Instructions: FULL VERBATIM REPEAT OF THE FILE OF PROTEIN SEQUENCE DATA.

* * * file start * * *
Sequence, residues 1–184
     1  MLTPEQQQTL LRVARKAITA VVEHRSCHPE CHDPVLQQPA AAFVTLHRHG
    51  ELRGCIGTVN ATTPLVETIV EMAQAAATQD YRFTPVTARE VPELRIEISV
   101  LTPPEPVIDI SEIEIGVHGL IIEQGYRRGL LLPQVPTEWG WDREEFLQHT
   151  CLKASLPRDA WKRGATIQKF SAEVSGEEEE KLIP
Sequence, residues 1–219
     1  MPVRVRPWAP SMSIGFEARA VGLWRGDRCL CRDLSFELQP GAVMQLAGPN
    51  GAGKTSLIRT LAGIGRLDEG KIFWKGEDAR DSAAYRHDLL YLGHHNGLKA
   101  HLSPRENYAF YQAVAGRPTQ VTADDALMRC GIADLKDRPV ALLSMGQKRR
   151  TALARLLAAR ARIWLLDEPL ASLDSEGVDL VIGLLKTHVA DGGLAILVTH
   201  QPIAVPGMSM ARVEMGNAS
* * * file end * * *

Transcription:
Sequence, residues 1–184
     1  MLTPEQQQTL LRVARKAITA VVEHRSCHPE CHDPVLQQPA AAFVTLHRHG
    51  ELRGCIGTVN ATTPLVETIV EMAQAAATQD YRFTPVTARE VPELRIEISV
   101  LTPPEPVIDI SEIEIGVHGL IIEQGYRRGL LLPQVPTEWG WDREEFLQHT
   151  CLKASLPRDA WKRGATIQKF SAEVSGEEEE KLIP
Sequence, residues 1–219
     1  MPVRVRPWAP SMSIGFEARA VGLWRGDRCL CRDLSFELQP GAVMQLAGPN
    51  GAGKTSLIRT LAGIGRLDEG KIFWKGEDAR DSAAYRHDLL YLGHHNGLKA
   101  HLSPRENYAF YQAVAGRPTQ VTADDALMRC GIADLKDRPV ALLSMGQKRR
   151  TALARLLAAR ARIWLLDEPL ASLDSEGVDL VIGLLKTHVA DGGLAILVTH
   201  QPIAVPGMSM ARVEMGNAS